DALLAS (AP) _ Blockbuster Inc. is proposing to issue millions of coupons for free video rentals to settle 23 class-action lawsuits accusing the company of charging exorbitant late fees.
In court documents, the world's largest video rental chain said the face value of the coupons would be about $460 million.
``We don't think we've done anything wrong. Everything we've done has been in our customers' interest, and we're not going to change our practices,'' said Ed Stead, Blockbuster general counsel.
Under the plan given preliminary approval by a Texas judge, customers who were charged late or non-return fees on videos between 1992 and April 1 could get coupons for rentals and other discounts.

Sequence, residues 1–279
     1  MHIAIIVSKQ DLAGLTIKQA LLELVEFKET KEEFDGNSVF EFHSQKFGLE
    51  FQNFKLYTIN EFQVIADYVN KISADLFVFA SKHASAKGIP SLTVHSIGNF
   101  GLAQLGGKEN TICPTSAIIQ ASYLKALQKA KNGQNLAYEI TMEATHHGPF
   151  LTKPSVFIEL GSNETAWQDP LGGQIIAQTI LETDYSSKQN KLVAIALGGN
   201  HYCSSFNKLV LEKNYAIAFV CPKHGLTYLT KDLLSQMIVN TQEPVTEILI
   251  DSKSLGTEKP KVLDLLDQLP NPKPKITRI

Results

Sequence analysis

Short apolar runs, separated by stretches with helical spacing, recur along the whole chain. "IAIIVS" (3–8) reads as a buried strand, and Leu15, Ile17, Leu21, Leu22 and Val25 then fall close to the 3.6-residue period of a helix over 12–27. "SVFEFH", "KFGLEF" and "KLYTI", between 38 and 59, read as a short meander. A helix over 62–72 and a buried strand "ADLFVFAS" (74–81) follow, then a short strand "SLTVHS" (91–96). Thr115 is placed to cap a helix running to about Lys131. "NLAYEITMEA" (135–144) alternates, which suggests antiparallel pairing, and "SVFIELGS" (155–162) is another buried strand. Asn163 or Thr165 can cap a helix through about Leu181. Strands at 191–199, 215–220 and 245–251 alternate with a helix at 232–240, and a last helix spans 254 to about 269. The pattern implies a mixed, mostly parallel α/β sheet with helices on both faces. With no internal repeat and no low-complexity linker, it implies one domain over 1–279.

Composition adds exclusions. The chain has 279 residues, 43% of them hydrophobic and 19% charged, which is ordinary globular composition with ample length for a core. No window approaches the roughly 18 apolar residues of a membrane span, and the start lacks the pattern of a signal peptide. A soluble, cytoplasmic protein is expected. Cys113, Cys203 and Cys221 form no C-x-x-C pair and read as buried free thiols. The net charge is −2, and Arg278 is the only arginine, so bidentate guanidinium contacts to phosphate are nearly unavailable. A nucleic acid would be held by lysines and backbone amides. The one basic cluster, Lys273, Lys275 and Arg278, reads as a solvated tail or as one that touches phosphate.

Stead said the settlement would cost the company less than $45 million because many coupons won't be used.
A Dec. 10 hearing is scheduled on the settlement offer.
Blockbuster has already begun running newspaper advertisements to promote its offer and posted the terms on its Web site.
Blockbuster used to add a charge for every day a rental was late. In February 2000, it began treating late tapes as if the customer had rented them for another 2-day or 5-day period. Both practices were attacked in lawsuits.
``When you rent a car for $300 a week and bring it in three hours late, they don't charge you another $300; they prorate it and charge you for the extra three hours,'' said Brian Lysaght, a Santa Monica, Calif., lawyer involved in one lawsuit.
Last year, the company earned about 19 percent of its rental income from late fees _ $795.8 million out of $4.2 billion.
In September, Blockbuster settled a similar class-action lawsuit in Michigan by issuing coupons for free video rentals. Stead said the company has gone to trial in similar cases and won in Alabama and California.